Recently, things felt different. She did not want to sleep, because she feared the moments before drifting off, when her mind was at rest and free to wander where she did not want it to go. She dreaded the sadness, the silence, and the heavy, oppressive darkness of simply laying there alone.

She did everything she could to avoid it, and thus dove into her work with triple the tenacity. She worked until her fingers ached and bled, until her body sagged from the weight of her exhaustion. She made profound leaps of achievement, and had managed to build and refine through three models so far, a proton pack hooked up to both her proton pistols, which she kept in spring loaded cases under the pack itself, and her newest toy, the proton sword. It was still massive and difficult to wield, but smaller than her first iteration and carried a more streamlined flow of energy and power behind the charge when it was on.

She was proud of her work. But it was a very thin shield between her and her feelings.

Today, she was out for another test of her pack. She had it on her back, strapped on like a backpack but with thick, leather straps she had gotten out of the Cannery and re-purposed for this goal. It was still heavy, but less so than the first version, and that was the way she worked. Each new model, new build, was a small improvement. She must have looked crazy, walking down the street wearing a pack of metal parts soldered together, a long metal sword sheathed at her side, but it was hardly the weirdest thing she was wearing.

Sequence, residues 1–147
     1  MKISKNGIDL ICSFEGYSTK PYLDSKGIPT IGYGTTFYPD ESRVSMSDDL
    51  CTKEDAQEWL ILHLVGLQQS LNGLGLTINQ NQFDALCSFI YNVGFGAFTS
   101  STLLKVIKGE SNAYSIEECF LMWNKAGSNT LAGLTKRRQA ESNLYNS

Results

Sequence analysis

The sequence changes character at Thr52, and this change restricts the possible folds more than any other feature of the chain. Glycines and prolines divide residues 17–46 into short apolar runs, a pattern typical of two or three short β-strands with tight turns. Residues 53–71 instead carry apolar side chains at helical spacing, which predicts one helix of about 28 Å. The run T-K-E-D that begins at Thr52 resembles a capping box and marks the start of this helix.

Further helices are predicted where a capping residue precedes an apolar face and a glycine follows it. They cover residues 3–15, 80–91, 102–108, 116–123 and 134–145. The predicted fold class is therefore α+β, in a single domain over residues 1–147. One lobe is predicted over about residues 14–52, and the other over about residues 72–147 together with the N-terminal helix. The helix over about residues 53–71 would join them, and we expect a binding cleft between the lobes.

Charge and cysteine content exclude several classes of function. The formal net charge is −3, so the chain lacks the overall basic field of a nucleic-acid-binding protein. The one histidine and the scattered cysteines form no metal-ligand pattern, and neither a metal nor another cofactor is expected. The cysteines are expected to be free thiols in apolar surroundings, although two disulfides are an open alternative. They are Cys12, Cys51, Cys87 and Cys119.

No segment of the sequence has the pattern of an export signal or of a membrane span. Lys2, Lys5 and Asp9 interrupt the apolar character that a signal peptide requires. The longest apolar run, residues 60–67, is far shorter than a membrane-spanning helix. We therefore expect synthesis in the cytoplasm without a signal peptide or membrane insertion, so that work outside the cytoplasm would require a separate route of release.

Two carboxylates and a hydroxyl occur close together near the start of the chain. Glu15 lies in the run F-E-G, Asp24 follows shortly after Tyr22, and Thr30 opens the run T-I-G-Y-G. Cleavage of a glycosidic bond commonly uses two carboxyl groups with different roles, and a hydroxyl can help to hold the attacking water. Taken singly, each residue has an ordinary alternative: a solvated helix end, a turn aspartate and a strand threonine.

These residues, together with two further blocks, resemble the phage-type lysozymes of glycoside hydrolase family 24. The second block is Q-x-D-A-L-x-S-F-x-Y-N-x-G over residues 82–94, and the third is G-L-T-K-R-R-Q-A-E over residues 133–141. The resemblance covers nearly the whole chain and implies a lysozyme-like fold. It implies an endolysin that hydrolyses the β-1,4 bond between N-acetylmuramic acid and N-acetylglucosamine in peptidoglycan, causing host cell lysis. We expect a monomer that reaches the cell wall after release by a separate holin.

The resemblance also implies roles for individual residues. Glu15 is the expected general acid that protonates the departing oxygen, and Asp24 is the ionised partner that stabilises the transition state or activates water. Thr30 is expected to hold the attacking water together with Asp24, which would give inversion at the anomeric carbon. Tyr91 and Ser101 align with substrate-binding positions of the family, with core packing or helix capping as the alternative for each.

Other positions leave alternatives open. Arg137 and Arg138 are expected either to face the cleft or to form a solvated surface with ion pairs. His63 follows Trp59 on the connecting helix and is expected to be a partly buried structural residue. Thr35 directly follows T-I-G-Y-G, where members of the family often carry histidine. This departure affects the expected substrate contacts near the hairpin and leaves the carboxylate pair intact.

She had yellow goggled over her eyes, and a scarf around her neck. She had her Screw U necklace on, and an oversized set of overalls with a form fitting tank top underneath. If she lifted her arms, a lot of skin showed, but she hardly seemed to mind. She was also wearing men's boots that were clearly not the right size, but she'd fixed the problem of them falling off by using masking tape to secure them.

All she needed to do was get out of town and into the woods, where she could chop down a few more trees to test the strength of the charge for her proton saber.
Jun 30 2017, 08:37 AM
Oh Boov

Holtzmann was excited to see her little friend from before, always eager to meet and get to know more scientists. This one happened to be an alien, and also a male and not the female she had first met, but those were all technicalities. Holtzmann did her damned best not to get hung up on technicalities, so she was not going to let any of that get in the way of being friends with Oh, and seeing what he could do with technology and the science of this world and realm.